Judges to hear misconduct case against former IURC chairman Monday

Back to TopCommentsE-mailPrintBookmark and Share

A panel of the Indiana Court of Appeals Monday will hear arguments on whether four misconduct charges should have been dismissed against former Indiana Utility Regulatory Commission chairman David Lott Hardy.

Hardy was indicted by a Marion County grand jury in 2011 on four counts of Class D felony official misconduct. He was accused of lobbying Duke Energy to hire then IURC administrative law judge Scott Storms, and of having ex parte communications with the power company about the Edwardsport plant in 2010. The bases for the charges were four of Hardy’s actions between 2008 and 2010 that allegedly violated Indiana law, including a violation of Indiana ethics laws, a civil law infraction and two violations of administrative regulations.

In August, Marion County Superior Judge William Nelson granted Hardy’s motion to dismiss all charges. Nelson held the Indiana General Assembly’s changes to the criminal official misconduct statute, I.C., 35-44-1-2, which became effective July 1, 2012, were meant to be retroactive.

Following recommendations of the Indiana inspector general, the Indiana General Assembly tightened the criminal official misconduct statute. The changes clarified that the law applied to specific criminal offenses by public officials committed in the performance of the public servant’s official duties, and did not apply to violations of ethical or administrative rules or infractions. An “offense” only encompasses felonies or misdemeanors.

The trial court dismissed the charges against Hardy because it determined that this amendment was remedial in nature and applied to Hardy retroactively, even though his alleged violations occurred before the amendment.

The state appealed, with Indiana Attorney General Greg Zoeller asserting that if the General Assembly intended to make a 2012 change in the law retroactive, it would have written that language into the statute which it did not do.

The scheduled panel members are Judges Paul D. Mathias, Cale J. Bradford and Rudolph R. Pyle III.


Post a comment to this story

We reserve the right to remove any post that we feel is obscene, profane, vulgar, racist, sexually explicit, abusive, or hateful.
You are legally responsible for what you post and your anonymity is not guaranteed.
Posts that insult, defame, threaten, harass or abuse other readers or people mentioned in Indiana Lawyer editorial content are also subject to removal. Please respect the privacy of individuals and refrain from posting personal information.
No solicitations, spamming or advertisements are allowed. Readers may post links to other informational websites that are relevant to the topic at hand, but please do not link to objectionable material.
We may remove messages that are unrelated to the topic, encourage illegal activity, use all capital letters or are unreadable.

Messages that are flagged by readers as objectionable will be reviewed and may or may not be removed. Please do not flag a post simply because you disagree with it.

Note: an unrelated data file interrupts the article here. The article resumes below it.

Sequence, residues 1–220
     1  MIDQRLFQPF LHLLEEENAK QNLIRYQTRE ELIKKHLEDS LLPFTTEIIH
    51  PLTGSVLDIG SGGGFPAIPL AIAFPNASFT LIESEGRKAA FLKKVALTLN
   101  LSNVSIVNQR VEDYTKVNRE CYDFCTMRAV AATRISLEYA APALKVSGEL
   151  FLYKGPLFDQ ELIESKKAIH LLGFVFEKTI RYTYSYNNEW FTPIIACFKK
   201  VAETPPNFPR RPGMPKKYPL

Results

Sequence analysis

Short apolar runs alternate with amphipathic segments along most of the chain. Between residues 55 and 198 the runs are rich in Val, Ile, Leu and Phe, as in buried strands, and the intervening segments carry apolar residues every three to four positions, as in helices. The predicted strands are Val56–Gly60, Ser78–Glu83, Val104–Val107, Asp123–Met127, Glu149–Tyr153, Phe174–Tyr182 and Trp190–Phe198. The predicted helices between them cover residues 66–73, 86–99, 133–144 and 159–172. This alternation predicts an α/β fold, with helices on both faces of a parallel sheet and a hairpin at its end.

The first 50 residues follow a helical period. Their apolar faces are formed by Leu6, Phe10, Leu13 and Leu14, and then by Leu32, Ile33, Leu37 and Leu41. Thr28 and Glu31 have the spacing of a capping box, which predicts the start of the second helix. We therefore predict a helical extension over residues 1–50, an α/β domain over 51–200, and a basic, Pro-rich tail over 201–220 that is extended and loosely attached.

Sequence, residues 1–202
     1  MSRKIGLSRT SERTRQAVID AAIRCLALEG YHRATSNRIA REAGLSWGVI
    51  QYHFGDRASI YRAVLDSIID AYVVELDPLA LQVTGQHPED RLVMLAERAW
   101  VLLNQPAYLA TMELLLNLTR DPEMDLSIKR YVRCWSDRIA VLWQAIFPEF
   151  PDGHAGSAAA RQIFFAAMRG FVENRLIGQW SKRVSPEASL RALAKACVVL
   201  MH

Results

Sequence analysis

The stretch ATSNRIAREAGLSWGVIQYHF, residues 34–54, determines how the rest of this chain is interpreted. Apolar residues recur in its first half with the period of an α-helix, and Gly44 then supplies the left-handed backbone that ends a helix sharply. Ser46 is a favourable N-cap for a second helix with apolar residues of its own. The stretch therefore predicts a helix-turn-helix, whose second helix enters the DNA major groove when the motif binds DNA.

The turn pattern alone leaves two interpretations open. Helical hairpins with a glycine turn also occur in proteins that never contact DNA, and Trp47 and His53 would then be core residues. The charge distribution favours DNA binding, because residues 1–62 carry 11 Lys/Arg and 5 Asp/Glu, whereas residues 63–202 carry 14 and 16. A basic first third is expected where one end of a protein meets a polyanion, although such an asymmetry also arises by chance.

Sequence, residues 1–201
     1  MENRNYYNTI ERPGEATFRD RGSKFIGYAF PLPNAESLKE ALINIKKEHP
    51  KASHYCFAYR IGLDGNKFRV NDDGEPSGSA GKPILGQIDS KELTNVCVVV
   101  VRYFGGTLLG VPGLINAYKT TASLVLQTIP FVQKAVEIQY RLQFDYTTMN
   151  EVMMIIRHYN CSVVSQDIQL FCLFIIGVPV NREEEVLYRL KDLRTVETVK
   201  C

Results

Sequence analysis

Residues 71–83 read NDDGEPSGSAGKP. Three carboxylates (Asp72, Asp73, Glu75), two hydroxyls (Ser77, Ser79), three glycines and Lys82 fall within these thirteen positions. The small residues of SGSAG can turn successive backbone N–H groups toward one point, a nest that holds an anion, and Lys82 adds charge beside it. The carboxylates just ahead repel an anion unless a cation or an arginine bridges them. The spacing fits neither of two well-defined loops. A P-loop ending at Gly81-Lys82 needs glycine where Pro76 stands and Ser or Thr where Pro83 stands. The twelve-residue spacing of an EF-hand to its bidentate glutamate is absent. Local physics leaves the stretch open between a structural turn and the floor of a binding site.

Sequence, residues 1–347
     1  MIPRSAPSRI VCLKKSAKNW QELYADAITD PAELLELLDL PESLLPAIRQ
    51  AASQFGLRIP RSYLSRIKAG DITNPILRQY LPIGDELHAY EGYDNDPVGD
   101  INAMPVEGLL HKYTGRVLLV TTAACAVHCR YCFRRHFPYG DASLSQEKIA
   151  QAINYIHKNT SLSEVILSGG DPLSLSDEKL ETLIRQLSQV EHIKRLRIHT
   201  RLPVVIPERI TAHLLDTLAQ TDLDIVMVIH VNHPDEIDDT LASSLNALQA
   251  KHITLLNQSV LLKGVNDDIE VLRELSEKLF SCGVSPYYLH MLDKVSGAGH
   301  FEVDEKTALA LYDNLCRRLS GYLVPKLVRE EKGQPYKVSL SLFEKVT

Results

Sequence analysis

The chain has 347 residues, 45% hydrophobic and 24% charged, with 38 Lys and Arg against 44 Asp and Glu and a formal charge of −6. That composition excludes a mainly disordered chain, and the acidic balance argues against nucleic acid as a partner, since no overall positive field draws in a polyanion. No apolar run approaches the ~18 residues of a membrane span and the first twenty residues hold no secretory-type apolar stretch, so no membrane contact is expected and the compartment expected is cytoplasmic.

Sponsored by
Subscribe to Indiana Lawyer
  1. Great observation Smith. By my lights, speaking personally, they already have. They counted my religious perspective in a pro-life context as a symptom of mental illness and then violated all semblance of due process to banish me for life from the Indiana bar. The headline reveals the truth of the Hoosier elite's animus. Details here: Denied 2016 petition for cert (this time around): (“2016Pet”) Amicus brief 2016: (“2016Amici”) As many may recall, I was banned for five years for failing to "repent" of my religious views on life and the law when a bar examiner demanded it of me, resulting in a time out to reconsider my "clinging." The time out did not work, so now I am banned for life. Here is the five year time out order: Denied 2010 petition for cert (from the 2009 denial and five year banishment): (“2010Pet”) Read this quickly if you are going to read it, the elites will likely demand it be pulled down or pile comments on to bury it. (As they have buried me.)

  2. if the proabortion zealots and intolerant secularist anti-religious bigots keep on shutting down every hint of religious observance in american society, or attacking every ounce of respect that the state may have left for it, they may just break off their teeth.

  3. "drug dealers and traffickers need to be locked up". "we cannot afford just to continue to build prisons". "drug abuse is strangling many families and communities". "establishing more treatment and prevention programs will also be priorities". Seems to be what politicians have been saying for at least three decades now. If these are the most original thoughts these two have on the issues of drug trafficking and drug abuse, then we're no closer to solving the problem than we were back in the 90s when crack cocaine was the epidemic. We really need to begin demanding more original thought from those we elect to office. We also need to begin to accept that each of us is part of the solution to a problem that government cannot solve.

  4. What is with the bias exclusion of the only candidate that made sense, Rex Bell? The Democrat and Republican Party have created this problem, why on earth would anyone believe they are able to fix it without pushing government into matters it doesn't belong?

  5. This is what happens when daddy hands over a business to his moron son and thinks that everything will be ok. this bankruptcy is nothing more than Gary pulling the strings to never pay the creditors that he and his son have ripped off. they are scum and they know it.